I've been thinking lately about a cross-dressing embroideress from late fourteenth-century London. Perhaps you've heard of John Rykener, AKA Eleanor [ Johannes Rykener, se Elianoram nominans ]. Dressed as a woman, Eleanor John was propositioned by a man named John Britby in 1395 and agreed to have sex with him for a certain sum of money. They were arrested while engaged in this "libidinous act" and brought before the mayor and aldermen of London. To the questioning authorities Eleanor John narrated a life filled with sex acts enjoyed abed and outdoors, sometimes for money or goods, sometimes not; sometimes with men (especially clerics), sometimes with women (including nuns). Much of the time in between these escapades was spent in women's clothing, living a quiet life of embroidery work. The remarkable contemporary document that gives a brief glimpse of Eleanor John's life was published by David Lorenzo Boyd and Ruth Mazo Karras a decade ago ["`Ut cum muliere": A Male Transvestite Prostitute in Fourteenth Century London," Premodern Sexualities , ed. Louise Fradenburg and Carl Freccero (London: Routledge, 1996) 99-116; the Latin document with an English translation can be viewed in the Medieval Sourcebook]. Carolyn Dinshaw provides a nuanced reading of the text in her book Getting Medieval: Sexualities and Communities, Pre- and Postmodern (Duke University Press, 1999), stressing "his/her queer and queering presence" throughout the narrative Eleanor John provides. [For a web accessible but condensed version of Dinshaw's argument, look here]. Rightly so, she contextualizes the legal document with reference to Lollards and the Canterbury Tales; rightly so, she stresses that there is also something untimely about the narrative, something that invites an affective, community-engendering reading.
I've been thinking about Eleanor John in relation to some keen words from the foremost modern philosopher of gender, Judith Butler. I'm a fan of all Butler's work, but have found her recent book Undoing Gender especially useful … and moving. In the introduction she speaks of the necessity, and difficulty, of bringing into being a livable life. That's no sloppy redundancy, but an acknowledgement that contemporary culture is very good at allotting spaces to those who dwell outside the sphere of the normal (as if a mere place were what tolerance is about); these spaces often turn out to be uninhabitable to those who are consigned within. We need a certain openness, she writes, a lack of predetermination when it comes to deciding what it means to be human: "We must learn to live and to embrace the destruction and rearticulation of the human in the name of a more capacious and, finally, less violent world, not knowing in advance what precise form our humanness does and will take" (35).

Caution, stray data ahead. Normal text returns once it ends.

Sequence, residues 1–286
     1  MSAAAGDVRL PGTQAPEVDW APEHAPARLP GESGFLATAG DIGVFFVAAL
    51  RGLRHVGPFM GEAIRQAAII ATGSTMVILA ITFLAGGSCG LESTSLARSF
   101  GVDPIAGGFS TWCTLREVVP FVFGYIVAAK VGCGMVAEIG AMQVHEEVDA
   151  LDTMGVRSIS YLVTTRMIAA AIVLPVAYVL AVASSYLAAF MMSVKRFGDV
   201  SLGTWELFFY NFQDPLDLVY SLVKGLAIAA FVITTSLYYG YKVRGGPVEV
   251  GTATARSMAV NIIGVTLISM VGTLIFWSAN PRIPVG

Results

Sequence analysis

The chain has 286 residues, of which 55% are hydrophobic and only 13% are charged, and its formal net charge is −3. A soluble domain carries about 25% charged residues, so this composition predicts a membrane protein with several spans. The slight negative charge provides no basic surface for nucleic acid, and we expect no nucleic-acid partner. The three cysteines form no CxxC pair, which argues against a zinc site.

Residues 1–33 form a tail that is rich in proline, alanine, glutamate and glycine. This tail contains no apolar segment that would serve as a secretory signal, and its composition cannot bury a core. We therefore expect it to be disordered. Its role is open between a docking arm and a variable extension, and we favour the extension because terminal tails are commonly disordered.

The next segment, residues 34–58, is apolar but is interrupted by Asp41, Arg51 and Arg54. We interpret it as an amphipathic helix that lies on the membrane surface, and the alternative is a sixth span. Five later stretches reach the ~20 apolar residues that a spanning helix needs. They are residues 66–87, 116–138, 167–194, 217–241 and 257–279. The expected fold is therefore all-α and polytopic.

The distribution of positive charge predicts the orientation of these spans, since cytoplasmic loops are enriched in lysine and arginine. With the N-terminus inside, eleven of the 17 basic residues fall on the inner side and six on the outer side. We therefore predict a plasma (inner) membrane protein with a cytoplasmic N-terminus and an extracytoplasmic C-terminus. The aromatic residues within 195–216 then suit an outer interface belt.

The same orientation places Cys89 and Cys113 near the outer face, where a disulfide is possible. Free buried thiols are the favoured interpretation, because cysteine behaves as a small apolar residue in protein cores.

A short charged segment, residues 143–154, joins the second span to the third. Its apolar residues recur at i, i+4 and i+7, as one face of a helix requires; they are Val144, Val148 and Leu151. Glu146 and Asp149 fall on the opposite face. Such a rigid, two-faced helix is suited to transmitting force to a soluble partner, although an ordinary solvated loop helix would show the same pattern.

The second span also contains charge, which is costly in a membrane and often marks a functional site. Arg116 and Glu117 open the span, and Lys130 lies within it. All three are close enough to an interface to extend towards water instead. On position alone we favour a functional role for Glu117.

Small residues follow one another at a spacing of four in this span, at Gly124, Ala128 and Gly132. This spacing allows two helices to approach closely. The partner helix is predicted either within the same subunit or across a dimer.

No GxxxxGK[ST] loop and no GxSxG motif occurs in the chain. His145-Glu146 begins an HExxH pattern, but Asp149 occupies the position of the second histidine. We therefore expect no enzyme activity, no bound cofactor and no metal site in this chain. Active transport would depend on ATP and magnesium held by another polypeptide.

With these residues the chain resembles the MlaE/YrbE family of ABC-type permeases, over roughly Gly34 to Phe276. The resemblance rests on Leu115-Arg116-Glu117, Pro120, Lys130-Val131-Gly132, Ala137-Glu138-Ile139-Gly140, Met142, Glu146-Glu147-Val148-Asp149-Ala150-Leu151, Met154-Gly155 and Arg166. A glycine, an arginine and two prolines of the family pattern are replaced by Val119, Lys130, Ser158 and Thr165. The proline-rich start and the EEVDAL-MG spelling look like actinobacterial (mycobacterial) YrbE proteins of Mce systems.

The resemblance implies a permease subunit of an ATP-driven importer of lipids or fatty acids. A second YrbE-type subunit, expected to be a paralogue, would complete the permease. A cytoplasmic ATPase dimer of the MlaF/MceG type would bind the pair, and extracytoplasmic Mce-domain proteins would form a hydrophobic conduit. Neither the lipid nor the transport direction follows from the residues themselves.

The search for a livable life: that's what it seems to me that Eleanor John was engaged in when apprehended in London in 1395 and compelled to a self accounting. We'll never know, of course, what desires animated Eleanor John; we'll never know if some severe punishment followed the confession to the mayor (no further record survives); we'll never even know what gender Eleanor John would choose, if given the choice-- or maybe for our transvestite-embroideress-prostitute-gigolo a livable life would have consisted in the option of not having to declare a choice, of not having to give a self-accounting that necessitated a self justification.
I write all this because two days ago at what was to be an ordinary lunch in an ordinary restaurant on a nondescript day, a friend confessed that he will, within a matter of months, be living as a woman. This friend – why not call him John? – has initiated hormone therapy and is beginning to live sometimes as (lets keep the medieval analogy going) Eleanor. For the most part the only vocabulary we have today for talking about transexuality involves jokes and tragedy. In John's case the decision and the change are in no way funny (even if John has the good humor to make light of what he can). John has young children. He, his wife, and his kids are close to me, my wife, our kids. We all love John and want him to be happy, but we are all only too much aware of the amount of present and looming pain. Selfishly, I am also mourning the loss of my friend – or, rather, the loss of my fantasy that I knew this friend as he is.
To confess his narrative to me was difficult for John. I could see it as he sat across from me, and as we walked back to my office at GW. He told me afterwards that he suspected I would accept him for who he had revealed himself to be. He knows that my family is queer friendly: many pals who are gays and lesbians, some close friends who live together as a polyamorous quad. But he was nervous all the same, especially because this means a major change not just for him but for his-- and our -- whole family. He and his wife will no longer live together, but will strive to remain best friends.
John, becoming Eleanor, is brave. He faces a wholly uncertain future: What will his kids think? The community? The conservative firm for which he works? Yet he faces that uncertainty with a courage that I can barely comprehend. I'm honored that he confided what he did in me, and I'm happy that he chose this difficult path to creating a livable life over the alternative he had seriously contemplated, suicide.
I will miss John, but "John" was partly a creation of my own ignorance. I will look forward, then, to getting to know Eleanor.
(posted with the permission of "John," who would rather have been compared to Joan of Arc)